Administrator who oversaw Hawaii State Hospital during high-profile escape to leave post

State Hospital, Kaneohe. (Image: Hawaii News Now)
State Hospital, Kaneohe. (Image: Hawaii News Now)
Updated: Mar. 4, 2019 at 12:09 PM HST
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HONOLULU (HawaiiNewsNow) - The administrator of the Hawaii State Hospital who was in charge the facility during one of its most controversial moments will soon leave his post, state officials announced on Monday.

William May, who began overseeing the Hawaii State Hospital in 2014, will be leaving in early May to coincide with the end of the legislative session.

His departure comes a few months after the state Attorney General’s office released its massive, 192-page report on the 2017 escape of an admitted killer from Hawaii State Hospital — an escape that happened on May’s watch.

The Attorney General’s Office said that while its investigators found significant lapses in policies and procedures at the State Hospital, it found no evidence of employee wrongdoing. In other words: it was the system that was broken.

May previously acknowledged that the timeline of events in the escape was very concerning, and also said the state has worked in recent years to bolster security at the Hawaii State Hospital, the only publicly-run psychiatric facility in the islands for forensic patients.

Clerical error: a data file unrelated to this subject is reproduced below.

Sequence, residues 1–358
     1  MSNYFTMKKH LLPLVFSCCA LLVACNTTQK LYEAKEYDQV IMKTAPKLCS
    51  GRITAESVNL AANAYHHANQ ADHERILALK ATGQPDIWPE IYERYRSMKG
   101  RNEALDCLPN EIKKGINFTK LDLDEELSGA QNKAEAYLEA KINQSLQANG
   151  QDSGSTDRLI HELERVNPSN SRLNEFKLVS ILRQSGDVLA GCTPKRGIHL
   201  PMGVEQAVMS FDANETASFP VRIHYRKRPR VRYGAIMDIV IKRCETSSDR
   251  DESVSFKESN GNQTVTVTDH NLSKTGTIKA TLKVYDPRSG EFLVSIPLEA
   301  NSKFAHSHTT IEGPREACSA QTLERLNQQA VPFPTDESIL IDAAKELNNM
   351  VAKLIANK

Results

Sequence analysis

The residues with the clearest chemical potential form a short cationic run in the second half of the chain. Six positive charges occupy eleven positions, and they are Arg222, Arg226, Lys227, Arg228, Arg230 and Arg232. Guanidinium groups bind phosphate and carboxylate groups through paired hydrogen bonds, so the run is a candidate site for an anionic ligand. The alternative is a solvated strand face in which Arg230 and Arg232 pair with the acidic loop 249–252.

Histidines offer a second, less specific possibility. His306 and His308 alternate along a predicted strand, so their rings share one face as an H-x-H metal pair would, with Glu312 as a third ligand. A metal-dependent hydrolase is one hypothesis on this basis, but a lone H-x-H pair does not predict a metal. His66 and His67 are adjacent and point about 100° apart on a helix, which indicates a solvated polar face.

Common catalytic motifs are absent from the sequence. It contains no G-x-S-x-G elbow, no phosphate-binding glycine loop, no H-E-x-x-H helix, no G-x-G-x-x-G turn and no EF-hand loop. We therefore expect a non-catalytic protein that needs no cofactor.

Despite the obviously blemish on the state hospital’s record, officials say they’ve been pleased with May’s work at the facility.

“Despite the growing census at the hospital, Bill has successfully led the hospital team to continually improve the quality of care for patients, working conditions for employees, and safety for the surrounding Kaneohe neighborhood,” said Dr. Bruce Anderson, state health director.

The escape also prompted the state to pursue plans for a new state-of-the art mental health facility, and the facility’s infrastructure could well benefit from the incident. It’s been in the planning stages for years, but Randall Saito’s escape prompted the state to speed up the project and increase security.

Construction is slated for completion in late 2020 and expected to be ready for staff and patients in May 2021.

Under May’s care, the facility in January 2018 also earned re-accreditation for a three-year period.

A national search for May’s successor is now underway.

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